To reduce the noise level within the fuselage interior 20, secondary or cancelling pressure waves having compressions and rarefactions equal in amplitude but 180 waves 19 are produced by the active acoustic attenuation system herein. The active system includes an input sensor 23 for sensing the noise level within the fuselage interior 20 produced by any original source of sound whether disposed on the exterior or within the fuselage 17. The input sensor 23 may be a microphone, accelerometer or any other suitable type of transducer. A loudspeaker 25, operable to produce cancelling pressure or sound waves, is mounted within fuselage 17 and spaced from input sensor 23. The input sensor 23 is disposed at an upstream location relative to speaker 25 such that the cancelling sound waves produced by speaker 25 propagate in an opposite direction from sensor 23. An error sensor 27 is mounted to fuselage 17 downstream from or in the direction of propagation of the sound from loudspeaker 25. As with input sensor 23, the error sensor 27 is a transducer of some type such as a microphone or accelerometer. The error sensor 27 is operable to sense the acoustic summation of the source sound within the fuselage interior 20 and the cancelling sound produced by loudspeaker 25. Each of these elements is connected to an electronic controller 29 which is shown in more detail in FIG. 5.
As is well known, the principle of so-called active attenuation of sound waves, as opposed to passive attenuation discussed above, is based on the fact that the speed of sound in air is much less than the speed of electrical signals. In the time it takes for a sound wave to propagate from a location where it can be detected to a second location where it may be attenuated, there is sufficient time to sample the propagating wave, process that information within an electronic circuit and produce a signal to drive a speaker for the introduction of cancelling sound 180 out-of-phase and equal in amplitude to the propagating sound.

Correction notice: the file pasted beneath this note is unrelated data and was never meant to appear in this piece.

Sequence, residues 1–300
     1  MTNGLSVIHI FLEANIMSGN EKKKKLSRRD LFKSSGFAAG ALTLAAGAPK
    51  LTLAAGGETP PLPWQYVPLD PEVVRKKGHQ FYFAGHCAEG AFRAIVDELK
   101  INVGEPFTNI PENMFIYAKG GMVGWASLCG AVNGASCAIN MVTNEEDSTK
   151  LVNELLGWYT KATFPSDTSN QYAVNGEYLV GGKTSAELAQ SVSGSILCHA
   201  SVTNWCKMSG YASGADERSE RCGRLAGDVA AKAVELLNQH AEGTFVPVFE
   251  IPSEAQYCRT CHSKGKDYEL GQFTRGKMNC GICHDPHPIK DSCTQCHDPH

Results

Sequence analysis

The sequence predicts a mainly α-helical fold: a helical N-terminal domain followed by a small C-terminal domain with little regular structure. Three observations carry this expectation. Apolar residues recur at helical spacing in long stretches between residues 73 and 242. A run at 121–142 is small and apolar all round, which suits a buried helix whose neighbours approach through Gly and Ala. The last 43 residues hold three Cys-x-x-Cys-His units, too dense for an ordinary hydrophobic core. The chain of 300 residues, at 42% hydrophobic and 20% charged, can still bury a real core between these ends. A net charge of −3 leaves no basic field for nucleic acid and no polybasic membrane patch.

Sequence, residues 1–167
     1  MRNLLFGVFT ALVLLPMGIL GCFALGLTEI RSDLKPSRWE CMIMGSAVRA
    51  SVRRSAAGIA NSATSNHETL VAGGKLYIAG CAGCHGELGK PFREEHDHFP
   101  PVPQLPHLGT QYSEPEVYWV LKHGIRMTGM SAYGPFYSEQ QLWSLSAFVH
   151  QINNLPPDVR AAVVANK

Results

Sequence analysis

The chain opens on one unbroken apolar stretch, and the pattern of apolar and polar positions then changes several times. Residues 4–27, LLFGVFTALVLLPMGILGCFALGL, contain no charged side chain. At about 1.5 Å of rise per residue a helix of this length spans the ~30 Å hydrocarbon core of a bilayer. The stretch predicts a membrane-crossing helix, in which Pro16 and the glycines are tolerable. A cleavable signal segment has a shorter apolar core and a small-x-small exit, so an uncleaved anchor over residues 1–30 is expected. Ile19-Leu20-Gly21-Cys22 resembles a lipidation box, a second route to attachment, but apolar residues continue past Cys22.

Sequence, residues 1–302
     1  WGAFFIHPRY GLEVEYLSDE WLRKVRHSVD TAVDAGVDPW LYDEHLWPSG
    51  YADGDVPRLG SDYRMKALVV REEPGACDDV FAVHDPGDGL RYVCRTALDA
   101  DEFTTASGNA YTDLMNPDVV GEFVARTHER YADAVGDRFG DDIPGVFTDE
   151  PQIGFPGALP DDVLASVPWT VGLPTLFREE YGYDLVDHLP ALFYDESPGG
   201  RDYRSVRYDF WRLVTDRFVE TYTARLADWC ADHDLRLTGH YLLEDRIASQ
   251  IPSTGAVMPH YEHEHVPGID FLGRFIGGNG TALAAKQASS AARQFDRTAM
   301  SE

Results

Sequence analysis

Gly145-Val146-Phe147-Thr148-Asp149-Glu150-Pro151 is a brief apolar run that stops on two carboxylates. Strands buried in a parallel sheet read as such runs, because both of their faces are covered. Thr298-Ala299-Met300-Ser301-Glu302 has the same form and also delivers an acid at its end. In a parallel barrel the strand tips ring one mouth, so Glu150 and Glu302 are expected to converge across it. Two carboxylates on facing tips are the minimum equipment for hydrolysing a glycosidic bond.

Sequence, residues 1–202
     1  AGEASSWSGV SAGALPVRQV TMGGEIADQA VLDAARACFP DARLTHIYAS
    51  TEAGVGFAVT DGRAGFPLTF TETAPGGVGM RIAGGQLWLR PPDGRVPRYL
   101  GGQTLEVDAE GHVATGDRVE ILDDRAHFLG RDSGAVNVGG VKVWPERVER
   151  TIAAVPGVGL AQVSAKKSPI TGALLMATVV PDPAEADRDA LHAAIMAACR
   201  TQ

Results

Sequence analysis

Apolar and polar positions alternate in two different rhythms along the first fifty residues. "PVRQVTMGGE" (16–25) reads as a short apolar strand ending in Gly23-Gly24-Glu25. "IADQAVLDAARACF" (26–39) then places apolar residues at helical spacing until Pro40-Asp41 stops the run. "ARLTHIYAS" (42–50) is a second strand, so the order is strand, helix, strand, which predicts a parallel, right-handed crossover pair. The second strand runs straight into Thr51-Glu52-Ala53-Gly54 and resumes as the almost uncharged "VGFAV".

Referring now to FIGS. 2 and 5, the operation of the active acoustic attenuator system of this invention is illustrated. The source sound within the fuselage 17 is sensed or sampled by the input sensor 23 which produces an electrical signal representing the phase and amplitude characteristics of the source sound. This signal, S.sub.t, is sent to the controller 29 as shown in FIG. 2. While only one input sensor 23 is shown in FIG. 2 producing a single output S.sub.t, the controller 29 may be provided with a multiplexer or a similar device for processing signals S.sub.t from an array of input sensors 23. Where an array of input sensors 23 is utilized, the controller 29 is operable to serially scan the signals S.sub.t from each input sensor 23 and perform an averaging or summing calculation to produce a single, combined signal S.sub.t for processing in the controller 29. Therefore, as used herein, the signal S.sub.t refers to either the signal from a single input sensor 23 or a combined signal from an array of input sensors 23 comprising the average or summation of such multiple signals.
The controller 29 provides an output y.sub.j to drive loudspeaker 25 which introduces cancelling pressure waves into the fuselage interior 20 having compressions and rarefactions equal in amplitude but 180 phase with the source pressure waves 19 (see FIG. 3). The error sensor 27, located downstream from loudspeaker 25, senses or samples the acoustic summation of the source sound and cancelling sound from loudspeaker 25 and produces a signal e.sub.t which is a representation of the amplitude and phase characteristics of such acoustic summation. As with the input sensor 23, a single error sensor 27 is shown in the drawings. However, an array of error sensors 27 may be utilized to sense the summation of the source sound and cancelling sound. The signals e.sub.t produced by such error sensors 27 are combined by the controller 29 in the same manner as discussed above in connection with the input signals S.sub.t, to provide an averaged or summed signal e.sub.t which is introduced as an error signal to controller 29.